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Re: [Telescopes] Looking for an astronomy program

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  • Fred Lieberman
    Hi Dave, Thank you for your suggestion. I downloaded version 0.10.4 from the Ubuntu/linux site and it does go back to 999,999 BC. The newer version, which I
    Message 1 of 9 , Nov 2, 2011
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      Hi Dave,

      Thank you for your suggestion. I downloaded version 0.10.4 from the
      Ubuntu/linux site and it does go back to 999,999 BC.

      The newer version, which I installed on my windows platform only went
      back to 99,999 BC.

      Again, thank you.

      Fred

      On Fri, 2011-10-21 at 09:33 -0700, Dave Adalian wrote:
      > Have you tried Stellarium?
      >
      > -- Dave
      >
      > On 10/21/2011 8:16 AM, Fred Lieberman wrote:
      > >
      > > I am looking for a free astronomy program, which will allow me to see
      > > how Orion's shape changed 10,000, 100,000, even 1,000,000 years ago.
      > >
      > > Any suggestions?
      > >
      > > Fred
      > >
      > >
      >
      >
      > [Non-text portions of this message have been removed]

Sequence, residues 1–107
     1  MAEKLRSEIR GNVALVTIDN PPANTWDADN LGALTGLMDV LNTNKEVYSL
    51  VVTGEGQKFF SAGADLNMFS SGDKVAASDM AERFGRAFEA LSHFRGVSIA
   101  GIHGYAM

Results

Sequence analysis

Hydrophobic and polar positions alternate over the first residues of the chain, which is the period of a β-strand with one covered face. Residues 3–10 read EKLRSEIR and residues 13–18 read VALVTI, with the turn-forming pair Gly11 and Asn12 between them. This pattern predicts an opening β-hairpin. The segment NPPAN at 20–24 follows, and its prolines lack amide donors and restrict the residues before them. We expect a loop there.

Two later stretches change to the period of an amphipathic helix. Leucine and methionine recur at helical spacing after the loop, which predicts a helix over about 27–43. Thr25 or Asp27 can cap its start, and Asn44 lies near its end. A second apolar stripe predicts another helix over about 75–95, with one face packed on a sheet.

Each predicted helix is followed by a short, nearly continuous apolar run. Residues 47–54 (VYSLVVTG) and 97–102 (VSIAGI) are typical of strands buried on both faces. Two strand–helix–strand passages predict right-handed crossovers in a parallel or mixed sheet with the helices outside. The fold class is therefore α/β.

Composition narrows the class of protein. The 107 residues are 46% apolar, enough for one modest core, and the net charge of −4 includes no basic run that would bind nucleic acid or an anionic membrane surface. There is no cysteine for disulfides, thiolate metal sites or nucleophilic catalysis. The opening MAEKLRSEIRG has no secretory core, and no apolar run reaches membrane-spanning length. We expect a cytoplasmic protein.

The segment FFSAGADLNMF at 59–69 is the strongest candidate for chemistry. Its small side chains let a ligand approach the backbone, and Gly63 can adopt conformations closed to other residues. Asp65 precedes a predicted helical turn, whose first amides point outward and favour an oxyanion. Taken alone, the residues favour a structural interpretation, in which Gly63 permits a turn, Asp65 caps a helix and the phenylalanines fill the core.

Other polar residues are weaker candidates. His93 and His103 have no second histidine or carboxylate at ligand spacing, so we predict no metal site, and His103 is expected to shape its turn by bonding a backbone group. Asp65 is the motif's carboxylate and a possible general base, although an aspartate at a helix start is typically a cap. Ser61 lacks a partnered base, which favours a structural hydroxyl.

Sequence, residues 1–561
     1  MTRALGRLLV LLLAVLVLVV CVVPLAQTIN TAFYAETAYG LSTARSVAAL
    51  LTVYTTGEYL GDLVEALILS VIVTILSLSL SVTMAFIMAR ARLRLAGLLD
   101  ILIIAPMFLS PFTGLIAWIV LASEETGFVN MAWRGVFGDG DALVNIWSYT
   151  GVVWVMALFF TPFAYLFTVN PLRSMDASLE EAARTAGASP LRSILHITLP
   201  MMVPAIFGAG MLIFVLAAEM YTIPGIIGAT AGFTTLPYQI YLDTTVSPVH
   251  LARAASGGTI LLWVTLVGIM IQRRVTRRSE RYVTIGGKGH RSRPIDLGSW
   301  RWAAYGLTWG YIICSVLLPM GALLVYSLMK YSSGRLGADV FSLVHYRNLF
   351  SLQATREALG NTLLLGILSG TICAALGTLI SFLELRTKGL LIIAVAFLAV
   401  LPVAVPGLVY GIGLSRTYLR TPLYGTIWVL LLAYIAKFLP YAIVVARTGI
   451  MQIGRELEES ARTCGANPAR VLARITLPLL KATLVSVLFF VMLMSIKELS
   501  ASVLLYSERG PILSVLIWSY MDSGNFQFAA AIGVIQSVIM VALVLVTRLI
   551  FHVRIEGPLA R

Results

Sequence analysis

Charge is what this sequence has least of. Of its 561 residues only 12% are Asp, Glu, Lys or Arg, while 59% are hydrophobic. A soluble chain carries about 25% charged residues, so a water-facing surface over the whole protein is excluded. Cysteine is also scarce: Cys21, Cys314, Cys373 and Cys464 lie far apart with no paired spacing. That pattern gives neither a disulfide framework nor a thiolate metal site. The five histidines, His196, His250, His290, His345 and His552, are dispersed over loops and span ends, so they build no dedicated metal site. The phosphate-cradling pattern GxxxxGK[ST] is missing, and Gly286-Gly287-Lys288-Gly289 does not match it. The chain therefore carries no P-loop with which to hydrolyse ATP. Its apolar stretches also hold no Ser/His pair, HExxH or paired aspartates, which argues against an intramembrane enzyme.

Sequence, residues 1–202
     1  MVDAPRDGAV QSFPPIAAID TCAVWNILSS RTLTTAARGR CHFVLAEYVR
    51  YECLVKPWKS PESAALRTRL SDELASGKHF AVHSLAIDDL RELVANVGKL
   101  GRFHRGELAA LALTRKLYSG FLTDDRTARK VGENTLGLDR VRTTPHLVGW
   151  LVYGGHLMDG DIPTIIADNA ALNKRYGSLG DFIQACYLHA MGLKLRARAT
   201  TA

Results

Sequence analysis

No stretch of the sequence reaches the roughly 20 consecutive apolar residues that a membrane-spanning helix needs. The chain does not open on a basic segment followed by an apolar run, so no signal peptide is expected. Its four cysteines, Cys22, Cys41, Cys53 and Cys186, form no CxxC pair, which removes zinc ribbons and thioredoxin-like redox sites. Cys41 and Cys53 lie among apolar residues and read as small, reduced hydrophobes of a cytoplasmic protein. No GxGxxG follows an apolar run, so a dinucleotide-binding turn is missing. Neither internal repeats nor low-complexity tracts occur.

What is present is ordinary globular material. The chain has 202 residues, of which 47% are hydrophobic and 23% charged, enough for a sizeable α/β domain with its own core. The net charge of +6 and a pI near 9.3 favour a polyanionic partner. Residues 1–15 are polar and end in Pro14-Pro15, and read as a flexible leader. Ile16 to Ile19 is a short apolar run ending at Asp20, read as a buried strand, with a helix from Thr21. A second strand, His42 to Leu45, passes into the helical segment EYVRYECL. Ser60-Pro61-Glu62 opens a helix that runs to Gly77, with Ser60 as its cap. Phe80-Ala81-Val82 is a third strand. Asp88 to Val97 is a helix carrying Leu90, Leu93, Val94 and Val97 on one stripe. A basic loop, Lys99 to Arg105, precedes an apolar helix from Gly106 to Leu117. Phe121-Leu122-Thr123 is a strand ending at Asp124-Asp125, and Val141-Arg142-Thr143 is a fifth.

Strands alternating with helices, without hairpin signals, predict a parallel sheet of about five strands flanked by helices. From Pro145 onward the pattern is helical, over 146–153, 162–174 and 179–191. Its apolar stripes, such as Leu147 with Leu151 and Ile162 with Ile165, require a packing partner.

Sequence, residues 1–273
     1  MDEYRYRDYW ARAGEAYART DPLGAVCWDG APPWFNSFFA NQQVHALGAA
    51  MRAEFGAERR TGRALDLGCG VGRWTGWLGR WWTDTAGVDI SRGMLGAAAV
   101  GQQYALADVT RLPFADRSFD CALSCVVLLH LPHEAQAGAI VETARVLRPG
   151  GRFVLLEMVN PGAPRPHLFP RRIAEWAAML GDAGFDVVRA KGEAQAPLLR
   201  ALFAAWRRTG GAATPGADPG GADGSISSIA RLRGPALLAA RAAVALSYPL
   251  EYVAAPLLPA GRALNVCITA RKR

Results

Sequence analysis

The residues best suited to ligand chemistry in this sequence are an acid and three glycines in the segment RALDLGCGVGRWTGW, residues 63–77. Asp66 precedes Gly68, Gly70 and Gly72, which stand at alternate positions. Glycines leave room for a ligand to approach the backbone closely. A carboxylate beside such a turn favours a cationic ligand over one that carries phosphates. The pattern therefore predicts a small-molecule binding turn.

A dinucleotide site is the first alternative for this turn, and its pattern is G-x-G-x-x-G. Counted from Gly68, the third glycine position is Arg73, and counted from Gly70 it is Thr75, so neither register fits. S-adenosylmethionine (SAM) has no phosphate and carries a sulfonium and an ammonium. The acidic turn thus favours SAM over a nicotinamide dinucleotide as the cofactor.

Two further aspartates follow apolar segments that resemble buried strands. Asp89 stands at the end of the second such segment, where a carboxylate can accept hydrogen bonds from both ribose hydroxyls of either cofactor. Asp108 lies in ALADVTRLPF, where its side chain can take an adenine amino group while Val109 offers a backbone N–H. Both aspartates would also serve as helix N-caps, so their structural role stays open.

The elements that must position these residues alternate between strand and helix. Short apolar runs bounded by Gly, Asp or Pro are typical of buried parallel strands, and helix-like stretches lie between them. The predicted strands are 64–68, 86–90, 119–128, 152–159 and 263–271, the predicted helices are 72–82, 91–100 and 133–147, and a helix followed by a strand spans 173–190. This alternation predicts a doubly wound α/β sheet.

>
      >
      >
      > ------------------------------------
      >
      > You are subscribed to the "Talking Telescopes" e-mail discussion group. To unsubscribe from this group, send an e-mail to:
      > telescopes-unsubscribe@yahoogroups.comYahoo! Groups Links
      >
      >
      >
    • Dave Adalian
      Glad I could help, Fred. ... [Non-text portions of this message have been removed]
      Message 2 of 9 , Nov 2, 2011
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        Glad I could help, Fred.

        On 11/2/2011 1:04 PM, Fred Lieberman wrote:
        >
        > Hi Dave,
        >
        > Thank you for your suggestion. I downloaded version 0.10.4 from the
        > Ubuntu/linux site and it does go back to 999,999 BC.
        >
        > The newer version, which I installed on my windows platform only went
        > back to 99,999 BC.
        >
        > Again, thank you.
        >
        > Fred
        >